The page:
How much of an impact do you think the Pegasus Challenge will have on Nigeria’s tech sector considering only three winners will get seed capital from the Challenge?

We expect the Pegasus Challenge to create a massive impact in Nigeria. This year’s challenge is directly targeted at fintech start-ups only and so is quite a niche contest. This is also the first time DLM Capital will be engaged in a fintech contest, and it is best to go with a figure that we can wholly support. As we continue to hold this annually, the number of winners will be increased, and the scope expanded to accommodate the tech industry.

What are some of the qualities you will be looking out for in picking the winners of the Pegasus Fintech Challenge?

The selection criteria for the challenge include Reach, Innovation, Sustainability, Scalability, Empowerment, and Responsibility.

Access to early-stage finance is one of the critical challenges of tech start-ups in Nigeria, what are the funding opportunities you can recommend to innovators?

The Funding opportunities are Venture Capital firms with interest in tech startups, Grants, etc. We’ve seen and read several startups already benefitting from such investments.

What are some of the challenges, aside from growth capital, that may be daunting to the development of tech start-ups in Nigeria?

The regulatory environment remains challenging and sluggish. To put this in context, Tayo Oviosu (CEO, Paga) once said at an Omidyar Event for fintech players that it took them about two years to get approval for a USSD code and this slowed down their operations. Access to infrastructure is also a significant challenge for fintech founders and operators – and despite the establishment of the National Collateral Registry which was launched in 2016, most fintech establishments still find access to infrastructure problematic. Data is an important part of business models in financial services, it enables organizations to accurately design and target products and own the customer relationship. According to a McKinsey report published in September 2020, Nigeria’s data-protection regulation currently limits data harvesting, thus players that already have access to historic data could have a competitive edge.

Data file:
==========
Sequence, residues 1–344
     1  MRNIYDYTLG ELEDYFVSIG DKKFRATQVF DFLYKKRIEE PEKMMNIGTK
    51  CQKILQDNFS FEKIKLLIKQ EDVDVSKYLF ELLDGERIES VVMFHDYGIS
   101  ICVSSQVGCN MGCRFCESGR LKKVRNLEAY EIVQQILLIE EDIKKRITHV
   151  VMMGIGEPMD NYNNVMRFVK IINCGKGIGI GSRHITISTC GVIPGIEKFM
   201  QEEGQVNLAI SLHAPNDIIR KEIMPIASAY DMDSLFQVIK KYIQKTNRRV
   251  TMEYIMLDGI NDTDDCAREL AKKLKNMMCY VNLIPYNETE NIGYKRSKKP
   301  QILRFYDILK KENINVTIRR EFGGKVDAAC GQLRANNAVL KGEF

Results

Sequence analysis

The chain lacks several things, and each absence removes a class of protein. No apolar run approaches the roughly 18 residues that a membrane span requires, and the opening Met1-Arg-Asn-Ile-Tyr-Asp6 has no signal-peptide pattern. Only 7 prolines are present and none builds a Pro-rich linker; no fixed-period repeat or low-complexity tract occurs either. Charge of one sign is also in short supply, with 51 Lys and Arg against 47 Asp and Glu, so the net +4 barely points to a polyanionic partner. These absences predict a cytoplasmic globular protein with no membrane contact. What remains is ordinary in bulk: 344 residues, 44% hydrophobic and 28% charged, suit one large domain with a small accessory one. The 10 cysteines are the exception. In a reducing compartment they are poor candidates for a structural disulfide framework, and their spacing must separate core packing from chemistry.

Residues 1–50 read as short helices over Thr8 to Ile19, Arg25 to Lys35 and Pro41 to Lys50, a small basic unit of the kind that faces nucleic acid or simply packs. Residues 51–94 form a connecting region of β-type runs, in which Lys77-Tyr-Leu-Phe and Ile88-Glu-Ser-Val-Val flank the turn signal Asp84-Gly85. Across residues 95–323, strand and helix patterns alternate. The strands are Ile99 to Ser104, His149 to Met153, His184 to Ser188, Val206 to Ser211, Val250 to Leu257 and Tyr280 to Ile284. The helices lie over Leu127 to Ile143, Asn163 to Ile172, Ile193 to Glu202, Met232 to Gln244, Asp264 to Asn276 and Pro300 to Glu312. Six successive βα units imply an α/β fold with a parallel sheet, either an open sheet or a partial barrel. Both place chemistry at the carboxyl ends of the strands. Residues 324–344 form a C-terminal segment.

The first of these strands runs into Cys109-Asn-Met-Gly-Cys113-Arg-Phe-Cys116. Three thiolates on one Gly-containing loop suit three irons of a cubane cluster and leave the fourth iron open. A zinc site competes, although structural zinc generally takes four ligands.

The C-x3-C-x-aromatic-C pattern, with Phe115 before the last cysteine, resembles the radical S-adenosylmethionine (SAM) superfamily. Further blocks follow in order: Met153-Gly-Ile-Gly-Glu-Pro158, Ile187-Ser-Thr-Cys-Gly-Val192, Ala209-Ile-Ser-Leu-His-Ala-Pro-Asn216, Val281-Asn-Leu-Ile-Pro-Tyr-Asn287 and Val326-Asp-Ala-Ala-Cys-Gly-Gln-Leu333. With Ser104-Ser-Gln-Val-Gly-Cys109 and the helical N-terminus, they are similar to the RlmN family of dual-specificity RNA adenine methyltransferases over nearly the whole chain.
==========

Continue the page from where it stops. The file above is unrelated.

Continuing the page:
You said the Pegasus Fintech Challenge will be an annual event. Are there plans to increase the number of innovators that will be given seed capital in the subsequent editions?

Yes, most certainly.

DLM Capital has been a key player in helping some companies to raise funding through the Nigeria debt capital market. What is your advice to tech start-ups in regard to preparing themselves for investment?

My advice will be to be cautious and detailed when taking on seed funding and several funding opportunities. They should ensure proper due diligence is done, get the needed guidance and advice from renowned professionals/institutions.

Most importantly, ensure proper bookkeeping and adherence to stated regulations.